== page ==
An accidental witch flying on a broomstick; sweeping landscapes above the clouds; intricate clockwork powering magical structures; characters consumed by Dr. Frankenstein-like hubris. Oh, and two cats — one of them sporting a constant sneer.
These are the ingredients of Mary and the Witch's Flower, the debut feature-length anime from Studio Ponoc, founded by Studio Ghibli veteran producer Yoshiaki Nishimura. The film is directed by Ghibli veteran Hiromasa Yonebayashi (The Secret World of Arrietty, When Marnie Was There). Keeping with the Ghibli veteran theme, Mary's background art is provided by Deho Gallery, which rendered the kind of hand-painted backgrounds Studio Ghibli was once praised for but in a more fairytale-like style, especially through the use of rainbow and iridescent hues.
Mary and the Witch's Flower sees a clumsy girl named Mary Smith confined to the countryside at her great-aunt's home while her parents are away "for business." Mary hates her untamable red hair, for which she is mocked as a "red-haired monkey" by a villager named Peter. During an aimless summer stroll, Mary and her two cats stumble upon a broomstick and a flower. She finds that the flower's nectar, when extracted from a single bud, grants her temporary magical powers. Using these powers, Mary is able to fly the broomstick to Endor College for witches and warlocks.
Thanks to the flower, Mary involuntarily fools the school's faculty — a portly headmistress and a scheming scientist — into thinking she's an incredibly powerful witch-in-training. Suffice to say that her lies have consequences and that Endor houses things that are far more sinister than a few simple charms and potions. Mary has to do some soul-searching in order to undo the mess she's caused.
On a superficial visual and narrative level, it would be easy to dismiss Mary and the Witch's Flower as a Hayao Miyazaki-lite pastiche; the protagonist, one might argue, traces the steps of Miyazaki's teen witch Kiki (Kiki's Delivery Service); her appearance is comparable to what a pre-teen Ponyo (Ponyo) would look like; and Mary's foil, Peter, with his tousled blond mane, is somewhat of a pared-down version of Howl, the moving-castle-dwelling wizard from Howl's Moving Castle. The fabled Endor College, where Mary ventures after accidentally unleashing the power of the fly-by-night flower, sits on a remote mountaintop (or is it a floating island?) where nature coexists with what looks like a fortified, steampunk St. Basil's Cathedral — we saw a similar environment in Castle in the Sky, though in that case nature had taken over after mankind abandoned the settlement.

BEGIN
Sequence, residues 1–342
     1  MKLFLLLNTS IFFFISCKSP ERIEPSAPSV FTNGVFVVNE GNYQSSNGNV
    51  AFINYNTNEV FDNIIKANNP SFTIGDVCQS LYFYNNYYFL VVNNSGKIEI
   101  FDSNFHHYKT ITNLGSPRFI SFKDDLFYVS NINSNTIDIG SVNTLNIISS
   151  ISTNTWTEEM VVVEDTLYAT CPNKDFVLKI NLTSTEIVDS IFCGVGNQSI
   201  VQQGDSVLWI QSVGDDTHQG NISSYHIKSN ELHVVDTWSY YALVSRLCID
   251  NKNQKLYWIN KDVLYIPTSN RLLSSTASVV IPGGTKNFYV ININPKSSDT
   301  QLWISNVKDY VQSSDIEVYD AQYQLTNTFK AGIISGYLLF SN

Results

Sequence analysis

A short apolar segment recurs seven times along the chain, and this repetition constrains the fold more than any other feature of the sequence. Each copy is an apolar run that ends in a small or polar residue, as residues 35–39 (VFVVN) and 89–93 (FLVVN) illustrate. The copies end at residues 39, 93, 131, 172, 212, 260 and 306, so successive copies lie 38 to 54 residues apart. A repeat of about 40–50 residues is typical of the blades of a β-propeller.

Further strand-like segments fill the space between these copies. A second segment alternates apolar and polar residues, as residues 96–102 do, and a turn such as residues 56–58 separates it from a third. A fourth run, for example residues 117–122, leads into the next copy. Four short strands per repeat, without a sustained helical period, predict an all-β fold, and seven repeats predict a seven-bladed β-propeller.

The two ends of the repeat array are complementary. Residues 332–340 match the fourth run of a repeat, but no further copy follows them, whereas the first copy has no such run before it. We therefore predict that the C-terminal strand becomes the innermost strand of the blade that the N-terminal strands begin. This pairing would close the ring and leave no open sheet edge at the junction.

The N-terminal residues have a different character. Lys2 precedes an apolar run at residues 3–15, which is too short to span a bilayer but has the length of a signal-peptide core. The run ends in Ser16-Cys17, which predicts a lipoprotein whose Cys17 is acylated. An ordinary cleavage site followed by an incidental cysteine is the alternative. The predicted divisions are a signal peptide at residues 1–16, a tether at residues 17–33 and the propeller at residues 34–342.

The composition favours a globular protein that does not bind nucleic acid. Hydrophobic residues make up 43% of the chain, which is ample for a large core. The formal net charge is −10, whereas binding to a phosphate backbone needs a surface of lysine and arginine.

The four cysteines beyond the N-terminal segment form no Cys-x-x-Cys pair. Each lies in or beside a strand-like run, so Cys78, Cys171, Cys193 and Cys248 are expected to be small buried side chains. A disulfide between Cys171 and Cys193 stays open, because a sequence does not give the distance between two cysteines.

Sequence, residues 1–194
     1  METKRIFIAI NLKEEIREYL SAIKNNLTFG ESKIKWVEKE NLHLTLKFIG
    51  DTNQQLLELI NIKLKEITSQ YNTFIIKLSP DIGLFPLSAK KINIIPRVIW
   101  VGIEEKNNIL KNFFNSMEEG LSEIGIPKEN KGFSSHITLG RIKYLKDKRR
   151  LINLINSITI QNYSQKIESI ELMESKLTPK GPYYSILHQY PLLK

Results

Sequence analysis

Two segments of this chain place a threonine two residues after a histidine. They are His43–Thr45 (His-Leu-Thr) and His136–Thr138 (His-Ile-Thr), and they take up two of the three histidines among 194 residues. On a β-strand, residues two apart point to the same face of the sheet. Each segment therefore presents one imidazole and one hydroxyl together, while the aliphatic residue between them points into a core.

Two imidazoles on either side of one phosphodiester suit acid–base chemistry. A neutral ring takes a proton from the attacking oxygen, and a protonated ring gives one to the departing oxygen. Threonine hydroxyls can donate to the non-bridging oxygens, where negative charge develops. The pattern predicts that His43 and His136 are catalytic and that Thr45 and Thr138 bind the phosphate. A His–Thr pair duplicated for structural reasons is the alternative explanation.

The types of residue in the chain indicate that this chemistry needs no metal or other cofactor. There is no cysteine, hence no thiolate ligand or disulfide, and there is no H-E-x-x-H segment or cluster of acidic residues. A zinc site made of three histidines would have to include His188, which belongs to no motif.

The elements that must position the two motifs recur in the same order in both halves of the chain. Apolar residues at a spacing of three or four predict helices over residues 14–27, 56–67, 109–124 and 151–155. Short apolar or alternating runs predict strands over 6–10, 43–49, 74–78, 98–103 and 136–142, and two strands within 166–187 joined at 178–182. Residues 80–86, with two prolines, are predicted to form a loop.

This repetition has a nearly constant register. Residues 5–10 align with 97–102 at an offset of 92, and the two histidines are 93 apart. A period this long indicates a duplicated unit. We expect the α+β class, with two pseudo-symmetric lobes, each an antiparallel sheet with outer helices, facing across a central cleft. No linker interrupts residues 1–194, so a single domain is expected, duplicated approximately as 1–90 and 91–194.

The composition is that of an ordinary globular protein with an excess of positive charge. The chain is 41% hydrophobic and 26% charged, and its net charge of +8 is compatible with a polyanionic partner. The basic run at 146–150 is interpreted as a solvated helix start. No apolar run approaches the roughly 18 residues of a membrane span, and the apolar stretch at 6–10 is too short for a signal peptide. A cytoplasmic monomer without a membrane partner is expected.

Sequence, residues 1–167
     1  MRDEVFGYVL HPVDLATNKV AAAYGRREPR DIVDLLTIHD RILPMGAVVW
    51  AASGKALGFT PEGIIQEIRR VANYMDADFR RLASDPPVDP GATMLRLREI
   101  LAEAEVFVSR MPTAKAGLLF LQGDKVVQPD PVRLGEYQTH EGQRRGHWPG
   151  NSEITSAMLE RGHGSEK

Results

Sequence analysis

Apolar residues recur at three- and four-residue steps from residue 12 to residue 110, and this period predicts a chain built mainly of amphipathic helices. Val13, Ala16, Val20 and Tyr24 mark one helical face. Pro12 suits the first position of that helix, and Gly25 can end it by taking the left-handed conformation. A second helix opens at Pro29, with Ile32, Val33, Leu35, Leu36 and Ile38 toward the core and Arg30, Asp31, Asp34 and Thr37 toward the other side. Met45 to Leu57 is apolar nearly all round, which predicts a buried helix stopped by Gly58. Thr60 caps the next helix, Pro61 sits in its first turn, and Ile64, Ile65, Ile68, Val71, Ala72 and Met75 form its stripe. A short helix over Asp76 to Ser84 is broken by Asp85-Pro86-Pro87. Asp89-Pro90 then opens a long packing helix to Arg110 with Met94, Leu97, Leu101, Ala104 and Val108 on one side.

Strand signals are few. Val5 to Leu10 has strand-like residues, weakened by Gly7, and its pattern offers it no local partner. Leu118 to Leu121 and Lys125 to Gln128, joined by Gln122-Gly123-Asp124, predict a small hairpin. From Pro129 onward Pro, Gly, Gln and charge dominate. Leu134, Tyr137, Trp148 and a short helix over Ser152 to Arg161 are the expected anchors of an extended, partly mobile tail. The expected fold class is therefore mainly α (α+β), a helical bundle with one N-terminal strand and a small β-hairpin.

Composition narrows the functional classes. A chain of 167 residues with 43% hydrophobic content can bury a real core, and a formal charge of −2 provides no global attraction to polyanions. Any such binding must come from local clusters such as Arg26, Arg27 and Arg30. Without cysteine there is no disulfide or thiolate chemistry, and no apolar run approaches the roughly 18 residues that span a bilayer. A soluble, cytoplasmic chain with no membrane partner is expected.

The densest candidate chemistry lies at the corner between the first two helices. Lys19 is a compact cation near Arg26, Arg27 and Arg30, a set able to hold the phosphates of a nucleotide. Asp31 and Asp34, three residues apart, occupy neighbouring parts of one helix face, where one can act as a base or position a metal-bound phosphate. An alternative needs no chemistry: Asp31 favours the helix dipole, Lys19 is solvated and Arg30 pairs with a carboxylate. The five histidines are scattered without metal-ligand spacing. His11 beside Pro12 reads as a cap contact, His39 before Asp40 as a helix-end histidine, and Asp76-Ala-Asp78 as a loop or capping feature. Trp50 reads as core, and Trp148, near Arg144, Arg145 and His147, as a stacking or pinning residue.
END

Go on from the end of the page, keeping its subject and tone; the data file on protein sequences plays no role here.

Despite the similarities, I see Yonebayashi's references to Ghibli's works as personalized — and indirect — tributes rather than textbook-like carbon copies. And their presence, frankly, is something we should have expected; after spending almost 20 years at Studio Ghibli, some tropes and styles must have become ingrained into Yonebayashi's creative process.
I see, on Studio Ponoc's part, a take on previous Ghibli themes that have been morphed into something distinctively new. And even though the straightforward and simple plot makes Mary especially appealing to younger audiences, the visuals and possible interpretations of tropes can satisfy even the most anime-educated viewers.
Let's look at Mary. Unlike Princess Nausicaa (Nausicaa of the Valley of the Wind), Sheeta (Castle in the Sky), Kiki (Kiki's Delivery Service), and even Ponyo (Ponyo on the Cliff by the Sea), Mary does not possess any innate magical powers, nor is she a natural-born (albeit accidental) leader. What's more, unlike Chihiro (Spirited Away) and Sophie (Howl's Moving Castle), Mary lacks a can-do attitude. When we get to know her, she is a clumsy, melancholic tween who bemoans the fact that she is not good at anything. It's only by sheer chance that Mary is granted temporary magical powers. Her arc has her assert herself through her sheer cojones — no magic aid at her disposal.
Endor College, which might be reminiscent of J.K. Rowling's Hogwarts were it not for the fact that Mary's source material, Mary Stewart's The Little Broomstick, dates back to 1971, is its own carousel of wonders. The courtyard boasts diverse constructions that blend Art Deco, steampunk, and medieval elements, while the headmistress has sacred-heart-shaped traveling headquarters filled to the brim with glistening artifacts of all kinds.
What's more, Mary seems to contain a plethora of references to the history of animation, regardless of its provenance. The diminutive, hydrocephalic Dr. Dee, for instance, bears some resemblance to Dr. Finkelstein in The Nightmare Before Christmas, and his so-called "failed" experiments — such as mammals and reptilians growing mushrooms or flowers on different body parts — look like extraordinarily refined Pokémon characters.
In all, my impression of Mary and the Witch's Flower was that director Hiromasa Yonebayashi seems to declare: We acknowledge what came before us, and yet we have the ability to come into our own.